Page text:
[Image courtesy of jatheon]
Last month's Supreme Court decision in Shelby County v. Holder represented a dramatic change in the relationship between federal, state and local governments on election policy. In the wake of the decision, which effectively eliminated the requirement that some jurisdictions seek prior approval of election changes, many states (like Texas) that had been stymied in enforcing new requirements like voter ID have moved ahead quickly to put those new laws into place. With Congress deeply divided on the need to amend the Act, legislative action to reinstate preclearance is highly unlikely.
Yesterday, however, Attorney General Eric Holder indicated that the Department of Justice will use another section of the Act to attempt to require Texas and other states to resume preclearance of their election changes. The Washington Post has more:
In the next few weeks, Holder is expected to use Sections 2 and 3 of the Voting Rights Act to prevent states from implementing certain laws, including requirements to present particular types of identification to vote. As with Texas, the department also is expected to try to force certain states to get approval, or "pre-clearance," before they can change their election laws.
"Even as Congress considers updates to the Voting Rights Act in light of the Court's ruling, we plan, in the meantime, to fully utilize the law's remaining sections to ensure the voting rights of all American citizens are protected," Holder said in a speech Thursday at the National Urban League conference in Philadelphia. "My colleagues and I are determined to use every tool at our disposal to stand against discrimination wherever it is found."
Holder announced that the department will support a lawsuit in Texas that was brought by a coalition of Democratic legislators and civil rights groups against the state's redistricting plan. Holder is asking the court to require Texas to submit all voting law changes to the Justice Department for approval for a 10-year period because of its history of discrimination.
The department may also soon sue Texas over its voter-ID law, as well as North Carolina if that state passes a new measure.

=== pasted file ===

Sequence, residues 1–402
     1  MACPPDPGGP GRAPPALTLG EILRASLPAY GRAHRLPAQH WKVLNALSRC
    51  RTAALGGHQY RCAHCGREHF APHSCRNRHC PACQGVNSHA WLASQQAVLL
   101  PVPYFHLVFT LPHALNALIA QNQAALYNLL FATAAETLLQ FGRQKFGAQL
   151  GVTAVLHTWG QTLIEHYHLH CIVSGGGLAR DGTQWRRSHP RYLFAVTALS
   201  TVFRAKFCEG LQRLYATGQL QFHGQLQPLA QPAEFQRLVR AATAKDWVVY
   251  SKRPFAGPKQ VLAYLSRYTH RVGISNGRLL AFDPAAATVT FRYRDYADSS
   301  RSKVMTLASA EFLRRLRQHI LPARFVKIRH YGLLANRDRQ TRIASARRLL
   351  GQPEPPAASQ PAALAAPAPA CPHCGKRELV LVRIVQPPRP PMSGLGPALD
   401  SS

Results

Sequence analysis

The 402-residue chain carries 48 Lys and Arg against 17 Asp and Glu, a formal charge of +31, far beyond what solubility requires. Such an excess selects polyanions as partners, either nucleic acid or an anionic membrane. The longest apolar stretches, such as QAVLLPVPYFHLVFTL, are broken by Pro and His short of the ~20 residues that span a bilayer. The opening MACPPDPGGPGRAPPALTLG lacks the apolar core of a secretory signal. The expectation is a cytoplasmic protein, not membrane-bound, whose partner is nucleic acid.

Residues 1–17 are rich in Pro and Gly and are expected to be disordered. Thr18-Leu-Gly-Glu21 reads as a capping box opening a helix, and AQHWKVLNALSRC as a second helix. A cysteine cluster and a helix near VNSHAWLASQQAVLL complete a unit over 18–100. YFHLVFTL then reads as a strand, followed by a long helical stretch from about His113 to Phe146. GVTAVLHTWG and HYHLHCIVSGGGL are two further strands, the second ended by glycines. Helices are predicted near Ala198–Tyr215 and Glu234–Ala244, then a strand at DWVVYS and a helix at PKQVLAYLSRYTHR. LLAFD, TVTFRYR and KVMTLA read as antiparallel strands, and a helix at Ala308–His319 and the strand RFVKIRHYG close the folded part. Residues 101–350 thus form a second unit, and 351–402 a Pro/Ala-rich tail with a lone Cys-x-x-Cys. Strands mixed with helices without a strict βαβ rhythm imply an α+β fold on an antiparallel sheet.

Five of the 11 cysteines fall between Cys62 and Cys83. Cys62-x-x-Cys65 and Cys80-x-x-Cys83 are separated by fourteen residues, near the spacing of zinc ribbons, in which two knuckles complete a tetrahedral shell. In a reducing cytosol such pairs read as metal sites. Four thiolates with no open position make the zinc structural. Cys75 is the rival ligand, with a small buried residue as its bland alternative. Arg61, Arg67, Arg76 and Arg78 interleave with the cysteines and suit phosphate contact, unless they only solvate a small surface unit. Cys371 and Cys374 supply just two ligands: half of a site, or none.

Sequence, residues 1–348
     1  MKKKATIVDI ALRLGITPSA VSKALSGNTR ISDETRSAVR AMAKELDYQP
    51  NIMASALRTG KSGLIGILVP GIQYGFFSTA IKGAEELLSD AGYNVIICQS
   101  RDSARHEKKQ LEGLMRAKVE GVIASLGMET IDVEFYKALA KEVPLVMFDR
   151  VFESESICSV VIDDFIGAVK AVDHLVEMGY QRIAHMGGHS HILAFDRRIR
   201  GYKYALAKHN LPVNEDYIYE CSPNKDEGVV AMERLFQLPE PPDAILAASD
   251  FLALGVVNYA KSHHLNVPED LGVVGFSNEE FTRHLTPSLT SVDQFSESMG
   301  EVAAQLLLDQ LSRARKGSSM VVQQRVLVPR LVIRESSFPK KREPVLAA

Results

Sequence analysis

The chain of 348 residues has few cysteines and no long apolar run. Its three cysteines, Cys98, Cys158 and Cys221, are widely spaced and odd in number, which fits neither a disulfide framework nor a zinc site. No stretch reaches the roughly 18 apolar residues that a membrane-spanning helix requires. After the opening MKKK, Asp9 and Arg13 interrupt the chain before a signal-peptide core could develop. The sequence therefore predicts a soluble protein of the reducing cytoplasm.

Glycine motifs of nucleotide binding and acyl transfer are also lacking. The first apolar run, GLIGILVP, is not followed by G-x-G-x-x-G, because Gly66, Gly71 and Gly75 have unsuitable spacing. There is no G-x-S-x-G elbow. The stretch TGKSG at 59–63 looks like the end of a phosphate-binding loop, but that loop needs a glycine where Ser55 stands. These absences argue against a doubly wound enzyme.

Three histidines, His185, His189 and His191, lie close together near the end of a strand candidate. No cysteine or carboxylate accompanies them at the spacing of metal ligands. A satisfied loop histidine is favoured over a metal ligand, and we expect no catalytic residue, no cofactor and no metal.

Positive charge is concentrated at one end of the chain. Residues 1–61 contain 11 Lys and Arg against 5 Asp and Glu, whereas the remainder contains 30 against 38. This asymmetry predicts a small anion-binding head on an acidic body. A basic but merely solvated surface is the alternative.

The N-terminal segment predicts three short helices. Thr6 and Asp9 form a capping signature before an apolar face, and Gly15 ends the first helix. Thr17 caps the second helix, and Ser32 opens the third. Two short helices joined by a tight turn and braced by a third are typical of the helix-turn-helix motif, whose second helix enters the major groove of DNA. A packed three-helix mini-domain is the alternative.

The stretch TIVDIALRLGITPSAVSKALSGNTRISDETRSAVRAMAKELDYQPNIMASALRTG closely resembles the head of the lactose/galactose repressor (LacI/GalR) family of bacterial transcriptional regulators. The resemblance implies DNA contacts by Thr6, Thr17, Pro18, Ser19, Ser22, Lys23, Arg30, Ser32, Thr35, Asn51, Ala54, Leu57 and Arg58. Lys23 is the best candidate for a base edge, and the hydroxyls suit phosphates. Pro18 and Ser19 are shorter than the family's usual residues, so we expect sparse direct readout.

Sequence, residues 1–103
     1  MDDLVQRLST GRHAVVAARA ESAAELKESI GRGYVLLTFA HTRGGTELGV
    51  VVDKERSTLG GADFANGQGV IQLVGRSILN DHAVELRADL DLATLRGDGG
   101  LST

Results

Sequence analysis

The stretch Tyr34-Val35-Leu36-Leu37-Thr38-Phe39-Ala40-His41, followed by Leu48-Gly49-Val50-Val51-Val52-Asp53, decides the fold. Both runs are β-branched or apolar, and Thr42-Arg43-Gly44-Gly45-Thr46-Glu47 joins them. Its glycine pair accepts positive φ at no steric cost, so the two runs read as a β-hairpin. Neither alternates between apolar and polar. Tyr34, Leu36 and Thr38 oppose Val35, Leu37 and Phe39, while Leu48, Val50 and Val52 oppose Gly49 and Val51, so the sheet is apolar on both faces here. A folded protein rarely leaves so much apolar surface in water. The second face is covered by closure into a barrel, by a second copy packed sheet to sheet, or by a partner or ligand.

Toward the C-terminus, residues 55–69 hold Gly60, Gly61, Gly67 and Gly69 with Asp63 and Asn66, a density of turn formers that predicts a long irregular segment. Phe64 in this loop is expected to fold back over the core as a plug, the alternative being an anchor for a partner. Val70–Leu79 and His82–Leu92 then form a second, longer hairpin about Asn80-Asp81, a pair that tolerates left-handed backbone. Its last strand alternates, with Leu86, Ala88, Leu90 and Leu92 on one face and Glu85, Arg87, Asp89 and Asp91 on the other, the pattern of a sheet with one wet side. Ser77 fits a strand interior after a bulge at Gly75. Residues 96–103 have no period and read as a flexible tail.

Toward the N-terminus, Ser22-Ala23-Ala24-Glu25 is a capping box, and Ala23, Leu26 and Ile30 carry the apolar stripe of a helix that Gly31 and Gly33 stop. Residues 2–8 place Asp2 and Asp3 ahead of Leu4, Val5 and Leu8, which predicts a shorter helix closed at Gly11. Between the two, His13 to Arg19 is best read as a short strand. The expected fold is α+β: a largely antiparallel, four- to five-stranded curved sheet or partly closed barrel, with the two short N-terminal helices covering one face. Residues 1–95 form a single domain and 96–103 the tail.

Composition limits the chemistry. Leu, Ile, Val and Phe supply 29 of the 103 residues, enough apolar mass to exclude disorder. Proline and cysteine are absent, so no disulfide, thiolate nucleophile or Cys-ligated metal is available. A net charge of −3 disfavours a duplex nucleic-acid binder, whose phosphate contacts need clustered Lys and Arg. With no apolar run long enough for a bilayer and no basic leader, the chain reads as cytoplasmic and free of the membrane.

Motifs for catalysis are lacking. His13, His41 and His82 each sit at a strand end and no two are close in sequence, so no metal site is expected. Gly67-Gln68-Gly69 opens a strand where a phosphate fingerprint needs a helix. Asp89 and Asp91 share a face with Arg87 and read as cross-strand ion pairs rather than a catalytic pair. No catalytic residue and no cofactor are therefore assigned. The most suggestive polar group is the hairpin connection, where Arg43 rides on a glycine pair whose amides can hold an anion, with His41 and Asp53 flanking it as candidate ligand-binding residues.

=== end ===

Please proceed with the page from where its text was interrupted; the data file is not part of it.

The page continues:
Anyone interested in what this means from a legal standpoint is well-advised to check out the analysis by SCOTUSBlog's Lyle Denniston, who suggests that DOJ's action significantly increases the likelihood of another Supreme Court case on VRA - perhaps as soon as this Term:
Texas has already given a strong hint that, depending upon how Section 3 ["bail-in"] might be used against it, it could start a new constitutional challenge to preclearance under Section 5. In a brief filed in the San Antonio court on Monday, the state's lawyers noted that the Supreme Court in Shelby County had remarked that preclearance imposes special and very unusual burdens on only some of the states, and suggested that this may result in their being treated unequally. Texas's lawyers thus suggested that the special burdens of preclearance might be constitutionally vulnerable, unless the federal courts used the Section 3 "bail-in" provision only in very limited circumstances.
The other fascinating aspect of all of this, as I've already noted, is the need on both sides for reliance on better data about the effect of election changes, especially on protected minority voters. Such data - whether offered to prove or rebut allegations of discrimination - will now be more important than ever in determining if and how the Voting Rights Act will apply going forward.
The DOJ's decision to open a new front in the fight over the VRA is noteworthy. If nothing else, it indicates that the debate over the federal government's role in protecting voter rights is unlikely to subside anytime soon.